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Sermon for 12/23/18 Luke 1:39-55; Advent 4

As we anxiously await the one that is to come, we meet two friends.

Two friends who find each other on the opposite end of

Life’s various spectrums and they gather during a very uncertain time.

One is old. Very old. One is young. Unmarried.

Both carry prophets within them. One will be a savior,

The other will point to the savior. Both will die for their proclamations.

God is, indeed, making all things new and turning the world

Upside down.

These two? Elizabeth, who was said to be barren.

And Mary, who was said to be a virgin.

Both, now, worthy of a pregnant pause.

Both, chosen by God to bear prophets.

If that’s not God doing something new and turning the world

Upside down,

I don’t know what is.

This is not a calm conversation. This is not tea between friends.

This is obnoxious, unadulterated, exuberant joy!

When your soul is rejoicing, you are anything but calm.

Both women are filled with the Holy Spirit.

Anything but calm.

And when Mary sings! Oh goodness! When Mary sings

Look out!

Her soul magnifies the Lord!

Her being, her essence, her whole person,

Glorifies the Lord. God has looked on her,

A nobody, and made her

A somebody.

God has shown her favor. Her! Of all people!

Her family isn’t known. She isn’t rich. She is a nobody

From a nobody place. She’s young. She’s unmarried.

And she’s pregnant. Society does not celebrate her.

But Mary celebrates. If God has shown her favor,

Surely God’s favor will extend to all who feel forgotten,

Shunned, forsaken, excluded, and cast out.

There’s something to be said about the joy, glory, and praise

That comes from

Being recognized.

There’s relief and comfort in knowing

God, above anyone else, sees you.

Recognizes you.

Praises you.

Remembers you.

This is most certainly good news to all who have felt like Mary.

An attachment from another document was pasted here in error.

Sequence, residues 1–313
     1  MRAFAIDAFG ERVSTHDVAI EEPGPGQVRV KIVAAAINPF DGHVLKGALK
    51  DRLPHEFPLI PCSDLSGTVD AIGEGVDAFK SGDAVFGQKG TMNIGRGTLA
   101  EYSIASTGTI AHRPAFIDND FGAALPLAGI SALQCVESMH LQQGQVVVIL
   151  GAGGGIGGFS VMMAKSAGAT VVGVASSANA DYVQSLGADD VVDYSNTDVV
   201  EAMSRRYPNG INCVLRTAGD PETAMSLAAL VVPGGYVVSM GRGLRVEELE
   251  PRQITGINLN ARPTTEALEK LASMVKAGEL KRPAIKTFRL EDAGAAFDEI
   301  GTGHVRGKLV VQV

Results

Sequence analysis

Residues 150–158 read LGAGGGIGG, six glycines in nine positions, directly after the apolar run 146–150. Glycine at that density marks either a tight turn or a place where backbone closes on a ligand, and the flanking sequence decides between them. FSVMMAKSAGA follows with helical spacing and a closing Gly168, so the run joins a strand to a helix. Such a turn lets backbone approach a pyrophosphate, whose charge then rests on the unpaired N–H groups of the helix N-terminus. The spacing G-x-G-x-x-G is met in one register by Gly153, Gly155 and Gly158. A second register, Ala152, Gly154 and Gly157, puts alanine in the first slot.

And if that was not enough! Mary insists that this same God,

The same God that favors even the most forgotten,

This same God will also humble the powerful.

This same God will feed the hungry with more than just words,

Thoughts, or prayers.

This same God will turn the rich away and instead

Respect the poor with seats of honor.

This same God chose the most vulnerable of all,

An infant, to become human.

This same God chose the most forgotten,

An unwed teenager,

To birth the Word into the world.

This is the world turned upside down.

This is a world totally different than we know it.

This is a world where hope is stronger than power,

Where mercy is stronger than money,

Where grace is stronger than grit,

And where love is stronger than anything else.

This is a world where an aged woman

And unwed teenager

Can both be pregnant, can both be birthers of the word,

And can both be proof of God’s unending dedication to

Uplifting the forgotten.

This is a world where walls, borders, and checkpoints

Cease to exist. And instead, all are greeted with

Welcomed, opened arms.

This is a world where the powerful and rich will cower.

This is a world where those on the margins are finally

Listened to and valued.

This is a world where every human life has value.

And it doesn’t matter if that human life is brown, white,

Gay, straight, fat, thin, or any other box checked,

God remembers the forgotten and

We’ve all been there.

Mary’s song is our song if we sing it in the key

Of G-O-D. Instead, we so often sing it in the key of

M-E.

In Mary, in Elizabeth, in John the Baptist, and in Jesus,

God is turning this world upside down.

But that’s okay. When God turns things upside down,

And makes all things new, that includes us.

That alone is worthy of soul magnification!

Sermon for 12/16/18 Luke 3:7-18; Advent 3

Who does he think he is? John the Baptist has some nerve.

We came to be baptized by him and instead